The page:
The recognition of a poor growth response to GH treatment is an important part of management of children with growth failure. However, a poor growth response is reported surprisingly frequently, particularly in children with Turner syndrome or born SGA, but the reported incidence depends to a large extent on the criteria used (42). The principles for management of a poor response are summarised in Figure 2A. To prevent occurrence of a poor response, the diagnosis of the cause of growth failure must be correct and the dose of GH administered should be based on that diagnosis, preferably with a prediction of the anticipated response (41). Growth must be determined accurately and the response at the end of the first year should be assessed; if the response is insufficient the primary diagnosis should be ascertained and the dose checked to ensure appropriateness (6). If the response is very low, then discontinuing GH treatment should be considered, particularly for non-GH deficiency diagnoses. However, there is no consensus on the cut-off of a low or very low response (6). Our preference is to use the change in height SDS in pre-pubertal children and consider a first-year change <0.3 SDS to be insufficient. A poor response following confirmation of the diagnosis may require an increase in GH dose, although this should be within the approved label.

Adherence to GH Therapy

The responsiveness of an individual patient to GH therapy can be determined from the difference between observed and predicted gain in height or height velocity (47). If responsiveness is reduced, while the diagnosis is deemed correct and presence of concomitant disease ruled out, then poor adherence to the treatment regimen should be considered (Opinion Box) (6,43,47,73). Monitoring of adherence should begin as soon as the treatment is initiated because some patients may not take the medication right from the start or renew their prescriptions, particularly if there is a lack of perceived need (74,75,76,77). While measurements of IGF-1 SDS may give an indication of adherence with GH, it is often not determined routinely and may not provide a definitive answer, because changes in concentration depend on multiple factors (77,78). Success of any therapy is dependent on good adherence and increased adherence may have a greater impact on health than improvements in specific medications. In the case of GH therapy, poor adherence has been shown to be associated with impaired clinical outcomes and reduced growth response (43,79,80,81).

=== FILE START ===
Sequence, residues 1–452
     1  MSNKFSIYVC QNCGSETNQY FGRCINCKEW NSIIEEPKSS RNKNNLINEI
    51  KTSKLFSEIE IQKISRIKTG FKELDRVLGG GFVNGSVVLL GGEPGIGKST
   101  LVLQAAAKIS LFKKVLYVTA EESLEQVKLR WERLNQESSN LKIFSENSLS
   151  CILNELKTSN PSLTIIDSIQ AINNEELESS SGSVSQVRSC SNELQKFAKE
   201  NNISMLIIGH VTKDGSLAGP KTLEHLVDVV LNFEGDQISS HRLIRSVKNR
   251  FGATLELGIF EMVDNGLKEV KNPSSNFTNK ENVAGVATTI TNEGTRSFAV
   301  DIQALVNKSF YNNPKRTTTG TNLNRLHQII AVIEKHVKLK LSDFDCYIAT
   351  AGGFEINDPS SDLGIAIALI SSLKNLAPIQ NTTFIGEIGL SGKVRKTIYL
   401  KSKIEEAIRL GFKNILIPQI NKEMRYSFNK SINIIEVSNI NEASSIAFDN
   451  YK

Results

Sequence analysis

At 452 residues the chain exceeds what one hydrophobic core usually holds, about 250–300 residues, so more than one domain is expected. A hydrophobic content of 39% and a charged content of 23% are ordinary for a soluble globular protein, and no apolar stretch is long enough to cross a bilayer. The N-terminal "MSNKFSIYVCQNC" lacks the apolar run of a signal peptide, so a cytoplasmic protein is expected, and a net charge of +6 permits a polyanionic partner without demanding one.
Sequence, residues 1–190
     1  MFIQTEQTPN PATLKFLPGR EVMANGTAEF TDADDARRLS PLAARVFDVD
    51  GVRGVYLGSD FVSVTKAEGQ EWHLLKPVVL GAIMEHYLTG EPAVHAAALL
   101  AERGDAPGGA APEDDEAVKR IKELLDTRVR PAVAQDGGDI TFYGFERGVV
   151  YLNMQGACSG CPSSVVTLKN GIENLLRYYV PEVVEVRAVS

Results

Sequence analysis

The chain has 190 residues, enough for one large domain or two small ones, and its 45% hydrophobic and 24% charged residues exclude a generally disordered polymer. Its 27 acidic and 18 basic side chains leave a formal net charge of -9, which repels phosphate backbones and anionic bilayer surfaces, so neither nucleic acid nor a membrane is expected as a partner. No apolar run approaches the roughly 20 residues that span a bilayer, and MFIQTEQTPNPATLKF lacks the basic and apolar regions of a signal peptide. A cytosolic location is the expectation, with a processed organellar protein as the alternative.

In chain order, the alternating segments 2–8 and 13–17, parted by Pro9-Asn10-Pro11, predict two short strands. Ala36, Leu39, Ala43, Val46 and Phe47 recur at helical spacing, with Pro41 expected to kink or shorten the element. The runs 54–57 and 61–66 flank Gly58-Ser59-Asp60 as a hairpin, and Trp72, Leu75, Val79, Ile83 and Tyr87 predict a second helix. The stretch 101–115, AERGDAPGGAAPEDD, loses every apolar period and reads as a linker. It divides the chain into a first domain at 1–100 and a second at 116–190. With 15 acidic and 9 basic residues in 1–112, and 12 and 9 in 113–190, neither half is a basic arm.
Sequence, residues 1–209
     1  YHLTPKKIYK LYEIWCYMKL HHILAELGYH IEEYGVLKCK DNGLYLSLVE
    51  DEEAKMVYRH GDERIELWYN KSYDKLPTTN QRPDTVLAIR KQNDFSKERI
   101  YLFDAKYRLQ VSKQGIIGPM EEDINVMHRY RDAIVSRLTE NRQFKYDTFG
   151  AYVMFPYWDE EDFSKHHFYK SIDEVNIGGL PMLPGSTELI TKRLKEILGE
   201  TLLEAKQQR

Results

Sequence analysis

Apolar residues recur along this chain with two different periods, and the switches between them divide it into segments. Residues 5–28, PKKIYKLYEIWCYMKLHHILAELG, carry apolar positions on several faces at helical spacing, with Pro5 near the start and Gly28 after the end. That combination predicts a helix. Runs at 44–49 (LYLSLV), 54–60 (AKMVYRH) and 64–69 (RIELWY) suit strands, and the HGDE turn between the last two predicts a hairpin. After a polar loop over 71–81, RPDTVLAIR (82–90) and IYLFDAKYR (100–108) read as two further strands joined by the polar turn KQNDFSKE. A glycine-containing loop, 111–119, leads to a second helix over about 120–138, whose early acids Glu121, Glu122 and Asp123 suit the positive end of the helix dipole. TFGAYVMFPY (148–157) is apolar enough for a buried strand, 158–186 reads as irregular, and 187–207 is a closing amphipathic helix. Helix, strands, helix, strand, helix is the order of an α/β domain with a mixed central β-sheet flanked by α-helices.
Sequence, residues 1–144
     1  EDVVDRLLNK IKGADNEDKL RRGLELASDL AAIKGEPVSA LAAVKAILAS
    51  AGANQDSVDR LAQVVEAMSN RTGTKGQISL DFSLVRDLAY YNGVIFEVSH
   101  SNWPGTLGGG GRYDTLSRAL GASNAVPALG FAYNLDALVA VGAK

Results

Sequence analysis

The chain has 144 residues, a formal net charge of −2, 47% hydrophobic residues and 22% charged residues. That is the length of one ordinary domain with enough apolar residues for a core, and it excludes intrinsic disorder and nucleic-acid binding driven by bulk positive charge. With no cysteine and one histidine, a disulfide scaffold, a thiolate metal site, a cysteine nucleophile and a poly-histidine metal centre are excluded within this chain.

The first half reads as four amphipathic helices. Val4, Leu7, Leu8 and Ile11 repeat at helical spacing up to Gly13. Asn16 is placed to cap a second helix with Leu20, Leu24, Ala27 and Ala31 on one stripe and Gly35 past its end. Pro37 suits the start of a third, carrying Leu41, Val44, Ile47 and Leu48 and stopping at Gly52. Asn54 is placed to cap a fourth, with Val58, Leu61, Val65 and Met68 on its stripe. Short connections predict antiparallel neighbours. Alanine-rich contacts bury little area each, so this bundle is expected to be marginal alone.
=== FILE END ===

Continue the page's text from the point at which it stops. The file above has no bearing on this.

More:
Methods for assessing adherence have generally been poor, frequently relying on reporting by patients or carers, but have indicated that up to 82% of patients may miss at least some doses of GH (43,73,77). A strategy for prevention and management of adherence is outlined in Figure 2B. For effective management of poor adherence to GH, the paediatric endocrinologist or specialist nurse needs to learn techniques of non-judgemental motivational discussion. This requires time and organisation, knowledge of common issues affecting adherence at different treatment periods and ability to structure discussion with open questions, with emphasis on pre-GH treatment education. The same healthcare professional should discuss adherence at each outpatient visit. The strategy also involves addressing the choice of injection device and facility to identify adherence issues. New techniques of electronic monitoring are improving this process and provide important feedback data on evidence of sub-optimal adherence, which may not be available from self-reported data from patients and caregivers, clinical history or auxological measurements.